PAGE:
When we think of war, we usually think of planes and tanks, bombs and guns, but lately I have been wondering just what the life of a foot soldier was like. My grandfather served in World War I, and after reading a little bit about what it was like for the men in the trenches, I find myself feeling very thankful that my grandfather was a cook. I don’t know how he got that position, considering that so many soldiers were needed, and the number needed grew daily, or even hourly, I just don’t know how he was so blessed to be a cook. Grandpa Byer was always such a gentle, soft hearted man, so I have a really hard time imagining him in a position of having to kill someone. I read that when new foot soldiers came to the front, many lost their lives on the first day, because they got into the trenches, and got an overwhelming urge to peek out over the top to see if the enemy was coming. The instant they peeked over the top, a sniper’s bullet would rip through their head, killing them instantly. The commanding officers began telling the new men to keep their head down…no matter what.
World War I was supposed to be a war that ended quickly, but that isn’t how it happened. Going in, it was expected that the whole thing would end after one big movement…shock and awe, I suppose, but the other side had a different idea, and the soldiers were forced to hunker down for the long haul. In the end, the war lasted from the fall of 1914 to the spring of 1918. There was movement in the beginning as the Germans marched through Belgium and France on their way to Paris, but then while the lines did advance and retreat, there was not a lot of movement until the war neared it’s end.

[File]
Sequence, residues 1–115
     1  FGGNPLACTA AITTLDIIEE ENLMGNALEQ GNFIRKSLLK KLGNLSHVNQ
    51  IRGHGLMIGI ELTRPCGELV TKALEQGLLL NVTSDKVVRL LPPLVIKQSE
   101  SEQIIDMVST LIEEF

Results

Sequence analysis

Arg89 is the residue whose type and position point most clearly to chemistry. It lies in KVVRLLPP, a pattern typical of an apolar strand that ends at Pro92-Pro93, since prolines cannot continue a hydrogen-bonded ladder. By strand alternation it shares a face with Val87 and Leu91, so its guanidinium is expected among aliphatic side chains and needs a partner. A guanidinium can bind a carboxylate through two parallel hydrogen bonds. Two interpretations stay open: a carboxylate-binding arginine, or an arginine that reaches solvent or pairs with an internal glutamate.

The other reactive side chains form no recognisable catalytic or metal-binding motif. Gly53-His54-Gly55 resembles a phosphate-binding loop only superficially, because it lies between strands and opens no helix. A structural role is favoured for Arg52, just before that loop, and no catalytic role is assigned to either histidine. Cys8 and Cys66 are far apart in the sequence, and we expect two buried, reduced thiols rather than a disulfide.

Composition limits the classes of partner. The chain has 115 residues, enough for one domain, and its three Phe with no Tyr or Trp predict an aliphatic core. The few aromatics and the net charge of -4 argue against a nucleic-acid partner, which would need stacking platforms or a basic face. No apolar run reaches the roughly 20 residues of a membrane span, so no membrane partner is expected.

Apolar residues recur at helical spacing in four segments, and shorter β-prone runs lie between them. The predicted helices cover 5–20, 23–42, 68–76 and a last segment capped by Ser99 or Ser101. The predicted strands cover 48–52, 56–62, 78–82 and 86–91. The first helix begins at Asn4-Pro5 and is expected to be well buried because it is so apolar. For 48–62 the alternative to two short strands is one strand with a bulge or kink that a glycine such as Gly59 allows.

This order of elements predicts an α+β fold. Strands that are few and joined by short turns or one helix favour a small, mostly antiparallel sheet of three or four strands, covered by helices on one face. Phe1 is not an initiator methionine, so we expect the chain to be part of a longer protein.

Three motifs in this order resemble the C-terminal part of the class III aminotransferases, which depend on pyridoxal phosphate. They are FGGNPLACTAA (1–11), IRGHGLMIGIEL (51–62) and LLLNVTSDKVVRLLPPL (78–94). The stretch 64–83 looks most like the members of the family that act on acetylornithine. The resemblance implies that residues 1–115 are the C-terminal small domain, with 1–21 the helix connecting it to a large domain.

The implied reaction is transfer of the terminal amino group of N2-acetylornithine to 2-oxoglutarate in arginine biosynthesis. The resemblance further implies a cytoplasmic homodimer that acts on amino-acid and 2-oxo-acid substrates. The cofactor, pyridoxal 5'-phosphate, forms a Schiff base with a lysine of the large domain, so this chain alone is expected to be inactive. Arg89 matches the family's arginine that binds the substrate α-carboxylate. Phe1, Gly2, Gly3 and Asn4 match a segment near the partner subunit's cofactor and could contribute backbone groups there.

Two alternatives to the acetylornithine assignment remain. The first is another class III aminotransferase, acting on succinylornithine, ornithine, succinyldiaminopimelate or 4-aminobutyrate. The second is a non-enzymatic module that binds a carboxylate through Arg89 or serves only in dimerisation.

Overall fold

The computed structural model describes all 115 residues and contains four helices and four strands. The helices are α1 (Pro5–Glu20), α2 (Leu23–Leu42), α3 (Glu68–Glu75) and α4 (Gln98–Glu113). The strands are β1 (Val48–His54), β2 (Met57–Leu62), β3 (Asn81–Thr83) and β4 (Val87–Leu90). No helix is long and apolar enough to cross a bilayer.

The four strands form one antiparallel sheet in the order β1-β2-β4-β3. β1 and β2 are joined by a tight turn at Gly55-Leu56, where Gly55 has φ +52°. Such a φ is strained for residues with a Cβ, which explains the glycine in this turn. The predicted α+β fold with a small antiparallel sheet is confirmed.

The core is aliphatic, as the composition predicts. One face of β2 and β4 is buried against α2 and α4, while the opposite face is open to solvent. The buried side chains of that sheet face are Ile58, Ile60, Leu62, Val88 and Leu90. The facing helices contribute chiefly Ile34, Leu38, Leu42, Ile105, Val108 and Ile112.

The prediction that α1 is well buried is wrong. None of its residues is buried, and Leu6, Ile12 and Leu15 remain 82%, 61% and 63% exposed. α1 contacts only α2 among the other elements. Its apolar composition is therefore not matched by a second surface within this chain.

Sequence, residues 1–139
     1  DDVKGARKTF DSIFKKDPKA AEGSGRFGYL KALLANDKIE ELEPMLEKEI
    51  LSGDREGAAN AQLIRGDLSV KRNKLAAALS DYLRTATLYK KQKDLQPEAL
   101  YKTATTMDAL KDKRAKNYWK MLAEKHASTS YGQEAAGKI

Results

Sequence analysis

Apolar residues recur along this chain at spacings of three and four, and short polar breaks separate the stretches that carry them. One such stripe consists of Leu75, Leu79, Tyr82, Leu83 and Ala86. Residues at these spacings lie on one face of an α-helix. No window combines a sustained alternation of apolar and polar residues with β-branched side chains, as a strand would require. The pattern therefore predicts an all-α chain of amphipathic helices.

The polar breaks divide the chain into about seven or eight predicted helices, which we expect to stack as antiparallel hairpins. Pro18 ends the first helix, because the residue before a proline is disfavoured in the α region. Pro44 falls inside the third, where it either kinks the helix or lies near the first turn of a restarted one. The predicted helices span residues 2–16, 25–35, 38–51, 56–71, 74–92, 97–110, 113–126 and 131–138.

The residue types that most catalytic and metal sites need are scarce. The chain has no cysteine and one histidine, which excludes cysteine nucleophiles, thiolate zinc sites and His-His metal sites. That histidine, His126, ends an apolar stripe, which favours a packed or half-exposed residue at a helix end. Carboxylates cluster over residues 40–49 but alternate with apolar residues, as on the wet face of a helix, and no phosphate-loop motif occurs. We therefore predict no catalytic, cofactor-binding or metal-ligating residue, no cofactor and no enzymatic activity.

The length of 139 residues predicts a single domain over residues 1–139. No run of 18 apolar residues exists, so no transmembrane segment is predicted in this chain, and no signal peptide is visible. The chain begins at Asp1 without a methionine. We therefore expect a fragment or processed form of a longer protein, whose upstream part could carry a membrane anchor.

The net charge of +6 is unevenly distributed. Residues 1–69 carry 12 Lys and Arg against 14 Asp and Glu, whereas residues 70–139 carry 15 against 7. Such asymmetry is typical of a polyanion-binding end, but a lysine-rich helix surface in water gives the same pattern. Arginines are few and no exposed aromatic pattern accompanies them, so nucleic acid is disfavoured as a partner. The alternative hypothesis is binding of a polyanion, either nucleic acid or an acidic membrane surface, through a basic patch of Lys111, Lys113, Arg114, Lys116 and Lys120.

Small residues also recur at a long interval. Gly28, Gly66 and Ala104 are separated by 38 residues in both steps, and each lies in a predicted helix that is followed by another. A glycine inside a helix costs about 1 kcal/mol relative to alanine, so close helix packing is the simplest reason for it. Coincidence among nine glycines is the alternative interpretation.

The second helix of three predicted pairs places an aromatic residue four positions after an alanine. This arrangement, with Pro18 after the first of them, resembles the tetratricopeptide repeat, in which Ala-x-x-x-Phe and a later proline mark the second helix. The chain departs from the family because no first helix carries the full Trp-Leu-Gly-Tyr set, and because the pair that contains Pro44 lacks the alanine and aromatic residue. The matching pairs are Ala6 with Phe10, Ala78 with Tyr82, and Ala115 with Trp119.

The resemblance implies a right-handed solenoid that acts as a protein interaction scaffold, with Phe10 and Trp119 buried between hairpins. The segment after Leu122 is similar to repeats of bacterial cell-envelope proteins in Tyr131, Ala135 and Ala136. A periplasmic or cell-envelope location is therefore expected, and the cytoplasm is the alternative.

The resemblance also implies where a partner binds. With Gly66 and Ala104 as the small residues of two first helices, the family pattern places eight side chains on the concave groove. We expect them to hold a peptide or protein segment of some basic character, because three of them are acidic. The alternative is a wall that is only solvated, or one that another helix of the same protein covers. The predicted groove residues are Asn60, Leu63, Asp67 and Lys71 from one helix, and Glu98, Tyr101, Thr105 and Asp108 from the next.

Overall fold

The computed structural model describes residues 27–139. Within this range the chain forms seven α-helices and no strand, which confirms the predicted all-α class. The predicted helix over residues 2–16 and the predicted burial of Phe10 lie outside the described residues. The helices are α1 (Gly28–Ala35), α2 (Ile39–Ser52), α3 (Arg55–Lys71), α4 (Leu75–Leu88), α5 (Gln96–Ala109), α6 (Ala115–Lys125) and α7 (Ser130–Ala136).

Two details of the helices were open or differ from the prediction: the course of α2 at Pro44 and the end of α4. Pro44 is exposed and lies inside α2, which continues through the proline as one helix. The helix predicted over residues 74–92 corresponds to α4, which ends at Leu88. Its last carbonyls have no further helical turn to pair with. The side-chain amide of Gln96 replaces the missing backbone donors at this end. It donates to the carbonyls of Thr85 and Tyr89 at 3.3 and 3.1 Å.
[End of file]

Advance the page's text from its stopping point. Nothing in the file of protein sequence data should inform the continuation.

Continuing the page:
I can’t say that I have much insight into the ways of war, other than what I have been told or have read, but it doesn’t take much imagination to be able to picture those fear filled kids hearing the gun shots all around them, just hoping they can keep their wits about them long enough not to do something stupid that could cost them their lives. I don’t think war has changed so much in recent years either. My brother-in-law, Ron Schulenberg told me a little bit about his war experience during Operation Desert Storm. Ron was a foot soldier, and he told me about marching across the desert, stepping over the bodies of the enemy’s dead soldiers, and getting to the point where something like that no longer made him feel like he was going to be sick. For me, it is hard to imagine how much death you would have to see to put you in a place of being able to just step over a dead body and march on.
Almost every war has it boots on the ground part. They are often the first soldiers in the war, and they have to pave the way for those who will follow. They are a tough, almost street smart…or is it trench smart…soldier, who knows what to expect from guerilla warfare, or at least as much as anyone can know what to expect before they go to war. It occurs to me that a soldier going into a war is a completely different person than a soldier coming out of a tour of duty. You simply can’t spend time around all that death, not knowing if you will ever leave that place, and not be completely changed by it. No wonder so many of our soldiers come out of their tour of duty with Post Traumatic Stress Disorder. These men came into the war as kids, and came out feeling like old men. That is not the way they imagined their post high school years, but when you are serving your country, your high school/boyhood ideas have to be set aside to make way for the skills and mindset you must have to survive the life of a foot soldier.